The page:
Eating better post-cancer diagnosis is a no-brainer: we all want to improve our health and longevity. That said, eating right doesn’t mean food has to be boring and tasteless.
While refined sugars, processed foods and too much meat should fall to the wayside most of the time — the occasional burger, slice of cake, or glass of wine will not trigger immediate recurrence — there are plenty of ways to swap out the “bad” with something “good.” As someone who’s been eating refined sugar-free, gluten-free (I have celiac disease), and meat-free more or less for the past twenty years, I have a few tricks up my sleeves. Since my cancer diagnosis, I’ve become even more careful about what I eat, adding foods that are purported to cause cancer cell apoptosis, or cancer cell suicide, and even more antioxident-rich foods to my mostly plant-based diet. (I do eat fish occasionally.)
When my blood work kept coming back a bit off a couple of years after I finished treatment, the gastroenterologist for my celiac disease suggested I see if there might be certain other foods triggering my immune system, so she had some tests run and it turns out I’m allergic to garlic and my immune system hates all forms of dairy, so I had to cut both, Italian food and goat cheese be damned. I hated it, but I’ve learned to use shallots and onions instead of garlic and I’m now an expert almond and walnut milk-maker. The lack of cheese in my life still hurts my soul, but at least my blood work is back to normal and my stomach is less angry in general. It was worth finding out the root of my issues… and making the change. Inflammation is not our friend.
Hopefully your bloodwork is excellent and you need not eliminate anything more than the necessary junk. Adding healthy choices is easier than getting rid of the stuff we love, but here I will share some of my favorite healthy recipes that include some of the key ingredients we should all be eating: cruciferous vegetables, flaxseed, certain mushrooms, almonds, berries, even things like seaweed and spirulina.
Below is my favorite kale recipe, which also happens to incorporate maitake mushrooms; two foods that help support your health and body during cancer treatment and beyond. Kale can be exchanged for any variety of kale or other dark leafy greens, like collard greens, swiss chard, beet greens, dandelion greens, spinach or a mix greens.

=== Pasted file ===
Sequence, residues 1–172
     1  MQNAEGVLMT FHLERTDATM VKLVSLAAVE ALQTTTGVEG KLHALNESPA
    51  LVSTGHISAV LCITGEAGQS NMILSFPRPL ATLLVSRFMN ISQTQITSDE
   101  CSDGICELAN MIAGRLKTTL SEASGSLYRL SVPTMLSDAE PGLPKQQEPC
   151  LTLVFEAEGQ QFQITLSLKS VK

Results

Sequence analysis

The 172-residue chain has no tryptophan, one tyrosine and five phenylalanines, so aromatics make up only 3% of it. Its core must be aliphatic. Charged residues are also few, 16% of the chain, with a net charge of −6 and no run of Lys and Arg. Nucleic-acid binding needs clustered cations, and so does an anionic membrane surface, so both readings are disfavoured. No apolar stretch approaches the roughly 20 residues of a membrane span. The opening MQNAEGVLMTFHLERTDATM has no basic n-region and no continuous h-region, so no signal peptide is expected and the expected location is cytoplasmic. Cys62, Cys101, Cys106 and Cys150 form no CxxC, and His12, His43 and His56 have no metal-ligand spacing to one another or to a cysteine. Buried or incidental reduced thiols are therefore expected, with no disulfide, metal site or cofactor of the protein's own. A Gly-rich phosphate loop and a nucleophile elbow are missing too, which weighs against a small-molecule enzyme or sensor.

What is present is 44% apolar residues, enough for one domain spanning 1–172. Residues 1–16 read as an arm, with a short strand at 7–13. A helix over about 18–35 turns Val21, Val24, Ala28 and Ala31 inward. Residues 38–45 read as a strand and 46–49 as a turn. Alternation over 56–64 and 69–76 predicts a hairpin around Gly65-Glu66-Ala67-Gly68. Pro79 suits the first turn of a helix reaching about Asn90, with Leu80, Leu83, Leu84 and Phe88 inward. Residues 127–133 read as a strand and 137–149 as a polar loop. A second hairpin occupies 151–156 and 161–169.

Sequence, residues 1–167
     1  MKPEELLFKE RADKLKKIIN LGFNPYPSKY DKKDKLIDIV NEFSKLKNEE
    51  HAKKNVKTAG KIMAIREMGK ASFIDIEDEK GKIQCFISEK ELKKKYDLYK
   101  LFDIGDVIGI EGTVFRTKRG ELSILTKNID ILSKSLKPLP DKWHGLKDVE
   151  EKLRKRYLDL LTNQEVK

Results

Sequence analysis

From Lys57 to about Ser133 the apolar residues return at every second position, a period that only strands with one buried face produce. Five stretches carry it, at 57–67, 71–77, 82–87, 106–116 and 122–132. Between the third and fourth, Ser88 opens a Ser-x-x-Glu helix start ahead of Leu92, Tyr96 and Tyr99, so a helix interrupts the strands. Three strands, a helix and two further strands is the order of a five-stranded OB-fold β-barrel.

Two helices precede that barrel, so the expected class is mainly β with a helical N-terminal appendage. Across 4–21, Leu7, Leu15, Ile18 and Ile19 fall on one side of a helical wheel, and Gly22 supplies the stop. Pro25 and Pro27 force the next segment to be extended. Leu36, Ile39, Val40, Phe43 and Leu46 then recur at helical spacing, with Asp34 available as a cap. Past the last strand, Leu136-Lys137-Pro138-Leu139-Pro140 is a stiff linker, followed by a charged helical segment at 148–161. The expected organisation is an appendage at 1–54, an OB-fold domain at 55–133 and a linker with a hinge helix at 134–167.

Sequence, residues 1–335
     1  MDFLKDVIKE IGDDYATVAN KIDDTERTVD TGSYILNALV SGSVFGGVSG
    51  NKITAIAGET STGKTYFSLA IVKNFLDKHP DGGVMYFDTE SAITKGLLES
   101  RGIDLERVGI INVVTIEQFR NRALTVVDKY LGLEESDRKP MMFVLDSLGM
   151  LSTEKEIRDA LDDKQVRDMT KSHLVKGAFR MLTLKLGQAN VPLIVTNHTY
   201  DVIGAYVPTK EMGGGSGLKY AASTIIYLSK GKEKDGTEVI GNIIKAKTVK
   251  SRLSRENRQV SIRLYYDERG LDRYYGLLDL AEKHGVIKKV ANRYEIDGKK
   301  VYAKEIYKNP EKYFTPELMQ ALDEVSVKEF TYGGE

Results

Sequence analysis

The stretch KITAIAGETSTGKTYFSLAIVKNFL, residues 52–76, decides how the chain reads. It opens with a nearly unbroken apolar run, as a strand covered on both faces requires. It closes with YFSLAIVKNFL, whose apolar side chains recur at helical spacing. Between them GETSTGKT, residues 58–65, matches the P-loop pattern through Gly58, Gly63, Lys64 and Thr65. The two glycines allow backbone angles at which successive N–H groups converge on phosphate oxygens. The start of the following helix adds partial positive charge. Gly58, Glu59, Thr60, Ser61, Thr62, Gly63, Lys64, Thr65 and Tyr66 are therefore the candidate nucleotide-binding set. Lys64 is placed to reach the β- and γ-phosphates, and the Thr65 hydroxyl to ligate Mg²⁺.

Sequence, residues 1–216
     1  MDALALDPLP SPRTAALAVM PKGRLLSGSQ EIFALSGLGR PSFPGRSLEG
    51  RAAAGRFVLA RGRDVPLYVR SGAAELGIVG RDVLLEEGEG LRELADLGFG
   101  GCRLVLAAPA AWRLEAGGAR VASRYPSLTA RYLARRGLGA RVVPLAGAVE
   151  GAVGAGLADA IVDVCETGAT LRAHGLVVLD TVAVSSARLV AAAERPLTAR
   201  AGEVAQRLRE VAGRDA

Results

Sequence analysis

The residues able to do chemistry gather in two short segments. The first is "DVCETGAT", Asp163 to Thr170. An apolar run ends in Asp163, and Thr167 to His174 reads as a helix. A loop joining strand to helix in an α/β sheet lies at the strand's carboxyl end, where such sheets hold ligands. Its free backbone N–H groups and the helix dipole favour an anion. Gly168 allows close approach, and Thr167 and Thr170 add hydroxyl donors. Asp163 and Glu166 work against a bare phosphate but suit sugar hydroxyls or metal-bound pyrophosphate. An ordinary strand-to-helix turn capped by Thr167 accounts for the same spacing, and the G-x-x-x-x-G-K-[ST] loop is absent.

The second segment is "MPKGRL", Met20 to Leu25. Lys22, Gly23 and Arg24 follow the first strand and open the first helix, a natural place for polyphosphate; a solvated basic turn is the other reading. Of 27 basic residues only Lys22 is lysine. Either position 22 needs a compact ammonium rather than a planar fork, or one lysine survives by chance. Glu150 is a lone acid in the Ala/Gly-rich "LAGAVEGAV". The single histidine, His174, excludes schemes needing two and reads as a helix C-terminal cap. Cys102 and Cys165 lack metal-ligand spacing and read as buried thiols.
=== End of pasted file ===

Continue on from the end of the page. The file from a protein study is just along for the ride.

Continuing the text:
Before the recipe, you’ll find an explanation of why each ingredient is our friend… Enjoy!
Kale is a dark, leafy green that falls under the cruciferous umbrella. Cruciferous veggies contain compounds called glucosinolates that help decrease inflammation. Research suggests they may also consist of compounds that suppress tumors and encourage apoptosis. Among other praiseworthy attributes, kale also contains vitamin A (great for bone health and your immune system), vitamin C (immunity and chronic disease prevention), vitamin K (helps with blood-clotting if you bruise easily), and folate (a B vitamin that’s good for your brain).
Maitake mushrooms, also known as hen-of-the-wood, are my favorite fungi. They are meaty (I hate that word!), and satisfying, though low in calories. They readily absorb flavor and unlike some mushrooms, have a taste of their own, which veers towards “earthy.”
According to the integrative medicine portion of Sloan Kettering’s website, “laboratory studies and small uncontrolled studies in humans show that maitake extracts slow the growth of tumors and stimulate certain immune cells.”
Shallots are high in antioxidants and promote circulation (heart health). They are also high in quercetin, a flavonoid which helps your body manage seasonal allergies (itchy eyes and runny nose). This recipe also works well with garlic, another amazing antioxidant and inflammation-killer (if you aren't allergic like me!). Shallots tend to be less robust and a tad sweeter than onion.
Olive oil is a monounsaturated (good!) fat. It mainly consists of oleic acid, a fat that helps combat inflammation. It’s also an antioxidant, which basically means it helps protect your cells from oxidation, which can turn a healthy cell into a tumor cell. This oil is heart-healthy and may help prevent strokes.
Now… for the recipe:
- Wash and de-stem kale, tearing leaves as you go.
- Thinly slice the shallots.
- Use a wet paper towel to gently wipe mushrooms, cutting larger mushrooms as necessary.
- In a large saucepan, heat oil over medium-high flame. You will need a lid that is smaller than the circumference of your pan so it will fit inside the pan to “smother” the kale and mushrooms.
- When oil is hot, add shallots and mushrooms, stir to coat with oil, cover with a smaller pan lid and leave to cook for 7 minutes, stirring only once halfway through.
- Add Kale. Mix kale with mushroom and shallots (I usually use cooking tongs to do this), cover with top and smother for another 1 to 2 minutes.
- Use sherry vinegar to deglaze the pan.
- Add salt and pepper
Enjoy! I find this usually serves two people.